Taoism also appealed to, and still appeals to, the scientists of the world. Kinship of the Three and the Book of Changes, by Wei Boyang of the l'2astern Han period, was translated into English in the 1930s. So far, many monographs and commentaries on the book have been published abroad.
If we may say that the European thinkers of the Enlightenment During the 18th century attached great importance to China's Confucianism, then European and American scholars During the 20th century and forward have paid more attention to the study of China's Taoism.
3. Traditional Cultures and Its Future
Chinese culture is not an isolated, closed culture. The reason it has a long history lies in its attribute of openness. This openness earth" on spurred mutual learning among all the ethnic groups of the country, resulting in common inventions. Early in the Spring and Autumn Period, way back about 2,000 years ago, thinkers and statesmen were not restricted to preaching their philosophies in the places of their birth in various states in the Central Plain area. They settled down an3~vhere they could fully exercise their talents.
Confucius traveled around all the states, but he found his ideal could not be realized in any of them and returned to his native home, the State of Lu, where he became a teacher.
A brilliant ancient culture was created During the period of the Tang. During that time, the Han people learned from all other minority peoples, and vice versa. The Tang culture was composed of the cultures introduced either from the minorities or other countries in Asia. During the Han Dynasty and the period of the Tang, there was a street called "Foreigner's Street" in Chang’an, the capital city, where all the foreigners lived. In restaurants, there were also foreign waitresses. At the time, in the city, it was the prevailing fashion to wear foreign dresses and imitates foreign dances.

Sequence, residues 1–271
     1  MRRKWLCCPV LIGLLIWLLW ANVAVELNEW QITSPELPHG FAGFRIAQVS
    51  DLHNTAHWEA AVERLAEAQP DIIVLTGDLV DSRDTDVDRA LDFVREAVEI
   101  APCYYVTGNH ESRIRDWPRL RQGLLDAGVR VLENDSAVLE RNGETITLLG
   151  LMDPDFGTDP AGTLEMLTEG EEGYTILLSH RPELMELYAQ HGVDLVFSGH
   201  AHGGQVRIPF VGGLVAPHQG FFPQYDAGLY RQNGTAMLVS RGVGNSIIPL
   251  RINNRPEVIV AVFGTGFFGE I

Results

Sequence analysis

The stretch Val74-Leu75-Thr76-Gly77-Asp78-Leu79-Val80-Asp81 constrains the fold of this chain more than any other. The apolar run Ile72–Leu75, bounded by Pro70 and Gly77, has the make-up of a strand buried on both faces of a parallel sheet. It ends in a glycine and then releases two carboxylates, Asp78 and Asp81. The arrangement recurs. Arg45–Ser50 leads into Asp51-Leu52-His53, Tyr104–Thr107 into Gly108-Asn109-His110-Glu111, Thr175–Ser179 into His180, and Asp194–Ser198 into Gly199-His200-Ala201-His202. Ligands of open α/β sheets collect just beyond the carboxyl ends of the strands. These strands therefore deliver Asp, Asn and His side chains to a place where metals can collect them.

Secondly, the openness feature also included China's knowing how to learn from foreign countries. Indian Buddhism, first introduced into China in the late Western Han Dynasty, entered its primary stage in the period of the Tang through the Wei and Jin and the Southern and Northern Dynasties periods. But Chinese believers did not mechanically copy it. The Buddhism introduced from India was adopted, assimilated and modified into Chinese Buddhism. Tiantai, Huayan and Chan were all sects of Buddhism in the Tang period. During the Song Dynasty, some Chinese Buddhism was absorbed by Confucianism to create a blend in the ideological and theoretical system of Neo-Confucianism (a Confucian school of idealist philosophy).
During the period from the 16th century to the 18th century, many European Christian missionaries came to China where they learned the Chinese language, got to know the local customs and way of life and made many friends among Chinese intellectuals and officials. Intellectuals and officials also learned Western natural sciences from foreign missionaries and promoted their scientific research. As a result, such great scholars as Xu Guangqi (1562-1633) and Fang Yizhi (1611-1671) appeared. Emperor Kangxi of the Qing Dynasty (r. 1662-1722) also learned geometry and land surveying from foreign missionaries.